CLOSE-UP: LIVE ISSUE/ELECTORAL COMMISSION - St Luke's tries to provoke a reaction with its gritty and harsh spot

If ever there's a hard, cynical and disenchanted audience for advertisers to try to reach, it's the 18- to 24-year-olds who make up the nation's youth. So when the Electoral Commission asked St Luke's to find a way to engage this audience and encourage registration for the annual electoral canvass this autumn, it knew it had to do something visually different to jolt its audience into action.

"We did a lot of research and it was clear it's not an easy market to crack," the director of media and public affairs at the Electoral Commission, Anne Hinds, admits. "There was no sense of civic duty."

The Electoral Commission's goal is to remind young people of the importance of registering in order to vote. But is it talking to a deaf audience? While it is not all doom and gloom, the figures still tell a sorry tale. "Only 39.4 per cent (of 18- to 24-year-olds) voted in the last general election," Hinds says. The worst offenders were women; Mori figures show that while 43 per cent of men voted, only 36 per cent of women took part. Compare this with a 70 per cent voting population in the over-55 age bracket, and the apathy among the younger generation is clear.

However, the number of young voters is not decreasing, it is just small.

The percentage of 18- to 24-year-olds voting in the 1997 general election weighed in at 39 per cent, a similar turnout to 2001.

To engage the young voters St Luke's devised a visually arresting campaign.

Its gritty 50-second ad features a central character running through a variety of obstacles clutching a card marked with a cross - representing the power of his vote - which allows the protagonist to overcome increasingly insurmountable obstacles.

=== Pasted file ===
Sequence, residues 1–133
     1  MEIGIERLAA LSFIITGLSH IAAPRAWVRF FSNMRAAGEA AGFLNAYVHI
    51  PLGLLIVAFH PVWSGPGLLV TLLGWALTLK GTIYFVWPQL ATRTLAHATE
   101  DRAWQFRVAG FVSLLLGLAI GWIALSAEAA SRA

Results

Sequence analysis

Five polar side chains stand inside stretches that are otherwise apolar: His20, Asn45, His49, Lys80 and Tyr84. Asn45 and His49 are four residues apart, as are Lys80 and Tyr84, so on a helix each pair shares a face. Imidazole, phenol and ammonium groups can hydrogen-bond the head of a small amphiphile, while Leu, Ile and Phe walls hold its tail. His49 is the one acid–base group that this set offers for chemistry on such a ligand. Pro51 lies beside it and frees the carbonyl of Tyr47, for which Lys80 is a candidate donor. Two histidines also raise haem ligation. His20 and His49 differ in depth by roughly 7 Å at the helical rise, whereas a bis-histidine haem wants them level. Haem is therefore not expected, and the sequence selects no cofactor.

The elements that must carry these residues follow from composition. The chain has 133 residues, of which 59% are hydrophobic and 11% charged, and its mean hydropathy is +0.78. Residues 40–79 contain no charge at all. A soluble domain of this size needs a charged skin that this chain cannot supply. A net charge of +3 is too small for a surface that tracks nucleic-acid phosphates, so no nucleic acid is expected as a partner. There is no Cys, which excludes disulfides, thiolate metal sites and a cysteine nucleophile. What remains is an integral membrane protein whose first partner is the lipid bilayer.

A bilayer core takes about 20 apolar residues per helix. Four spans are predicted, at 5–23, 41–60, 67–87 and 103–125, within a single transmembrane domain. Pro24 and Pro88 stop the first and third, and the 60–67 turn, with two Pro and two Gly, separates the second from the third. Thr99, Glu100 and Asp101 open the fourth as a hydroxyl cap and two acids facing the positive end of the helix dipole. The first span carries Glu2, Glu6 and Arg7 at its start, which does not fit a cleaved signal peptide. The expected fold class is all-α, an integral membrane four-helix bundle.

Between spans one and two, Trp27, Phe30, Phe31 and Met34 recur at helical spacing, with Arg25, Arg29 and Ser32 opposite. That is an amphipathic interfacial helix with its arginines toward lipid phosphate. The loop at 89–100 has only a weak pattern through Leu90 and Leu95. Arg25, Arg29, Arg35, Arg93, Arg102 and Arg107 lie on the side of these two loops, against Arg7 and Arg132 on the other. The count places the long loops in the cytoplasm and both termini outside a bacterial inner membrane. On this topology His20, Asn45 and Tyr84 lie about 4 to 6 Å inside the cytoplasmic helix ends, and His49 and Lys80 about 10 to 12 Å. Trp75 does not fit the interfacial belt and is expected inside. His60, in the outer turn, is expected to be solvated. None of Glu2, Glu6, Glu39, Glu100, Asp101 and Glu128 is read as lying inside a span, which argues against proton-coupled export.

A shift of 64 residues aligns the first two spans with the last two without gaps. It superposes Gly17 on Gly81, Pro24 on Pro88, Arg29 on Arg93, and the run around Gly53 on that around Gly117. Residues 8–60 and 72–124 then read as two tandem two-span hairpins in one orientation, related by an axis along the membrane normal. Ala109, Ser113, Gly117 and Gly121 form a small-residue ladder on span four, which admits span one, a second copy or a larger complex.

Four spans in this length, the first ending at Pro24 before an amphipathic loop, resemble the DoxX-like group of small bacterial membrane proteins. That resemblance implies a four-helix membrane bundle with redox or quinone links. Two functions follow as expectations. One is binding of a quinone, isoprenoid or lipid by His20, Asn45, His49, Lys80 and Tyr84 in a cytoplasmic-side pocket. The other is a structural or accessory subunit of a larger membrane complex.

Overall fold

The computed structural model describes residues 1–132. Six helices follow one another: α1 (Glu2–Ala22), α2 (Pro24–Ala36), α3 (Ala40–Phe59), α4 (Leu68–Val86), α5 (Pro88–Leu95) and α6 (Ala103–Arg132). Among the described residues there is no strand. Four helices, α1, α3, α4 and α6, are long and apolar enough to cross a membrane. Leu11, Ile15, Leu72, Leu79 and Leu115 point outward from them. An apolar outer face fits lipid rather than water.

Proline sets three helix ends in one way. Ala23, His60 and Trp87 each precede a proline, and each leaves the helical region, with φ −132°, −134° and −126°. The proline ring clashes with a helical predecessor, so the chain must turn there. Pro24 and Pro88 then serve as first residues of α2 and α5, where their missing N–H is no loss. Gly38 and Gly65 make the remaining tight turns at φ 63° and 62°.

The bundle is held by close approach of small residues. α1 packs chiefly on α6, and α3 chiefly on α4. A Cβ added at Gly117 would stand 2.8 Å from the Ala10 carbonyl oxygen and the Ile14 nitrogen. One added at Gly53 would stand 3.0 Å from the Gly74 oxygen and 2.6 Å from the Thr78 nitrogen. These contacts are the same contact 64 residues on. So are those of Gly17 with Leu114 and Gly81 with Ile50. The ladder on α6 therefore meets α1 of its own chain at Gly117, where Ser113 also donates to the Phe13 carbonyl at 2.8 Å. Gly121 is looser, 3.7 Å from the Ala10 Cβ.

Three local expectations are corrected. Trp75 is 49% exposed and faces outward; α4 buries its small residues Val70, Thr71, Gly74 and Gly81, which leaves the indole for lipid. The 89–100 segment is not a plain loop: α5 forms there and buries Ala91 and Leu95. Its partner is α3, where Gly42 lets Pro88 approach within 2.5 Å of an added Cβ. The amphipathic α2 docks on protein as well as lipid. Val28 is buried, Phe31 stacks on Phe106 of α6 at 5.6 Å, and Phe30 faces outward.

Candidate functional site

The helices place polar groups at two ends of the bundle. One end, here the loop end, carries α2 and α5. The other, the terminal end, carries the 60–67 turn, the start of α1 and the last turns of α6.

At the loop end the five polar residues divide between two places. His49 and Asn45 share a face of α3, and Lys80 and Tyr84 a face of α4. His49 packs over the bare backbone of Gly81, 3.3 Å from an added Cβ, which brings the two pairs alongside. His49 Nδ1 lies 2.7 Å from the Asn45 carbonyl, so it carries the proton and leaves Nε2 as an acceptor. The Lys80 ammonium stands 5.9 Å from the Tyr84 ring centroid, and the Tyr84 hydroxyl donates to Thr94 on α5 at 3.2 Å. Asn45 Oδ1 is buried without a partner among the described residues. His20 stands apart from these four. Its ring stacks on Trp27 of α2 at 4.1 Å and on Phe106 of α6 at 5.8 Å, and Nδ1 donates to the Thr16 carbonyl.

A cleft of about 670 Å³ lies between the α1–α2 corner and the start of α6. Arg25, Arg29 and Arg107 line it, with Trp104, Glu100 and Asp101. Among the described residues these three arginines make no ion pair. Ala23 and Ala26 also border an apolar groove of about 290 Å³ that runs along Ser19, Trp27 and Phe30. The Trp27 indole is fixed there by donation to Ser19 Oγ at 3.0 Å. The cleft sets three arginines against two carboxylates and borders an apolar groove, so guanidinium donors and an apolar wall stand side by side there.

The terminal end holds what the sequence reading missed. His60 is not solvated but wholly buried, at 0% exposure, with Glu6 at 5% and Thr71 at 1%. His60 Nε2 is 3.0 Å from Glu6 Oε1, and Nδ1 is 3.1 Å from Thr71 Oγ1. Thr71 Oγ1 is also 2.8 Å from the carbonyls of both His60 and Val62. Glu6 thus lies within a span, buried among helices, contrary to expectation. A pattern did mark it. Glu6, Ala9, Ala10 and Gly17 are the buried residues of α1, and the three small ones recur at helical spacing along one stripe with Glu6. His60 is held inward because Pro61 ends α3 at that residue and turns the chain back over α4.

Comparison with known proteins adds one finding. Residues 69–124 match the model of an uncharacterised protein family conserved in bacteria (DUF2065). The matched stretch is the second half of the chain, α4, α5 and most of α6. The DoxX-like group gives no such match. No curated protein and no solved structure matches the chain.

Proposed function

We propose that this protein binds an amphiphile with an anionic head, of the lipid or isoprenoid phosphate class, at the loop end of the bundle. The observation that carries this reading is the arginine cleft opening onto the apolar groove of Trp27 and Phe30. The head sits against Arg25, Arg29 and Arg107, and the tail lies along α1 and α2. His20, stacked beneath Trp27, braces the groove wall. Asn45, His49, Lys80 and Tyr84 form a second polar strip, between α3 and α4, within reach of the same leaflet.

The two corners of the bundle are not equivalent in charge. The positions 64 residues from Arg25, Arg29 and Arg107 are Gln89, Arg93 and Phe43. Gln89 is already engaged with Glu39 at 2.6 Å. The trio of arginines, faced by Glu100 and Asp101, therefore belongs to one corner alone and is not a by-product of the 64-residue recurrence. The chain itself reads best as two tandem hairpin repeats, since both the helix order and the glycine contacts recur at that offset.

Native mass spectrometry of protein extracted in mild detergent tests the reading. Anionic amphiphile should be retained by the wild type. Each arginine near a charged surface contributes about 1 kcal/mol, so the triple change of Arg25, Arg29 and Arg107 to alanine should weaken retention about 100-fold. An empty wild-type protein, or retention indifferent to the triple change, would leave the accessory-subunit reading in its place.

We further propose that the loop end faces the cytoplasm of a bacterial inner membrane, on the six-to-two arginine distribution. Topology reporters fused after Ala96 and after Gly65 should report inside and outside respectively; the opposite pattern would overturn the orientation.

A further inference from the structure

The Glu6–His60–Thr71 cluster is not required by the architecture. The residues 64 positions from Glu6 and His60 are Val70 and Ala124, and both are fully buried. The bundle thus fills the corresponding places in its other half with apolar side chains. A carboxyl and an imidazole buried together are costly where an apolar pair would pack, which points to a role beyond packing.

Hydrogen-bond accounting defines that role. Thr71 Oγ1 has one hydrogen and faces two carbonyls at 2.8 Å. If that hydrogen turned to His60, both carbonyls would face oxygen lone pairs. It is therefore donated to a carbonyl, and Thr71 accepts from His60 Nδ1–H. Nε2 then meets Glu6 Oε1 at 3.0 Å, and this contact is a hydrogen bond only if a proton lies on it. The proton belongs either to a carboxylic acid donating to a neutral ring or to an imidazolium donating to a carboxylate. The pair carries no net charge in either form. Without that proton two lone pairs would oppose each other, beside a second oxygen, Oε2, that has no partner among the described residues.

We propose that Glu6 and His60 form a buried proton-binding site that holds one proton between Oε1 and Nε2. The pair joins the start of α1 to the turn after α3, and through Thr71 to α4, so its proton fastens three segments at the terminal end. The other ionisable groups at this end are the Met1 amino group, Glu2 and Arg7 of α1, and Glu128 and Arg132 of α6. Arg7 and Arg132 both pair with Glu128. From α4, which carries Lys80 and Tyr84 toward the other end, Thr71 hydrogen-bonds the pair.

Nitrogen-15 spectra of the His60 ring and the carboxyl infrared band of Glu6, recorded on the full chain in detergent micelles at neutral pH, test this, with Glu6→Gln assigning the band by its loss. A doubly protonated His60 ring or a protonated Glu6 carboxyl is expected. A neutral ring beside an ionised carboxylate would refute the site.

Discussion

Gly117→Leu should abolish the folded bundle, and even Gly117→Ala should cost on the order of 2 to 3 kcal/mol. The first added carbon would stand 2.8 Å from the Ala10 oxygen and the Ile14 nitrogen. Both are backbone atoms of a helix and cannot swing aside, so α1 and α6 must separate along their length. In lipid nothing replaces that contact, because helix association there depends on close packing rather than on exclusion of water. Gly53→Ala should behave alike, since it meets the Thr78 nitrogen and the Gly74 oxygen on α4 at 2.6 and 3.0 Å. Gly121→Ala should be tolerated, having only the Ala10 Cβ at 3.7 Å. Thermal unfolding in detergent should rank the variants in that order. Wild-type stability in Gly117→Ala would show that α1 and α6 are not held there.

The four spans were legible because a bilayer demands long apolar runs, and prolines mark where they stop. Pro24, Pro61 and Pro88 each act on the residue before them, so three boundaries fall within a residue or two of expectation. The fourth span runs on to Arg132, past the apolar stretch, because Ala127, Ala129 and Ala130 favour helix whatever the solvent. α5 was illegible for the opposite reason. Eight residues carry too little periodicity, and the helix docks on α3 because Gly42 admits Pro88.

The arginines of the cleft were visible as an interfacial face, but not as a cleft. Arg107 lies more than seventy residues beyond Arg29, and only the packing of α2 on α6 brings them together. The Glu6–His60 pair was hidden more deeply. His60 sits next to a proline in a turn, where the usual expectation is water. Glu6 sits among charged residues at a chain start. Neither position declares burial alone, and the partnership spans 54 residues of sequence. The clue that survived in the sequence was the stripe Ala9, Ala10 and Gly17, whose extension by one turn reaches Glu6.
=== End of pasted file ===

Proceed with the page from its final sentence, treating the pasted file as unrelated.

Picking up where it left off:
The commercial was shot in a big hanger off a green screen, as the copywriter, Matt Janes, remembers. "We had the poor actor running around at high speed and on treadmills while we were throwing dirt and leaves at him," he says.

The rest of the ad is computer-generated, with the end result being a fairly abstract but eye-catching spot likely to stand out in a cinema.

For Hinds, the medium of cinema is specifically designed to attract the core audience. "You can wrap the ads around whatever is this season's youth film," she says.

The idea of the spot is to shake the target audience out of its voting apathy. "We wanted to do something that causes a reaction," Janes says.

To this end, the composition's tone is skewed towards maintaining a gritty and vaguely disquieting feel - and for this reason the grating, distorted soundtrack was specifically chosen. "It was really difficult to find a piece of hard dance music that would unsettle people," Janes confirms. "But everything was designed to cause a reaction."

Still, will it be engaging enough to catch the attention of a traditionally apathetic audience? "Hopefully people won't be able to ignore it," Janes says. "We're trying to just make an assault on their senses."

This assault follows a broader range of initiatives by the Electoral Commission as, in the longer-term cultural landscape, the voting issue has to be continually addressed. "We can't just pick it up and drop it," Hinds confirms.

A range of important initiatives is already in place, including a campaign bus that visits campuses with a specially produced guide to voting. It was also distributed in the main towns and cities holding the May local elections.

As far as Janes is concerned, he'll be just as happy if people disagree with the ad's strategy, as it will have broken the apathy barrier and got people talking. That has to be a good place to start.

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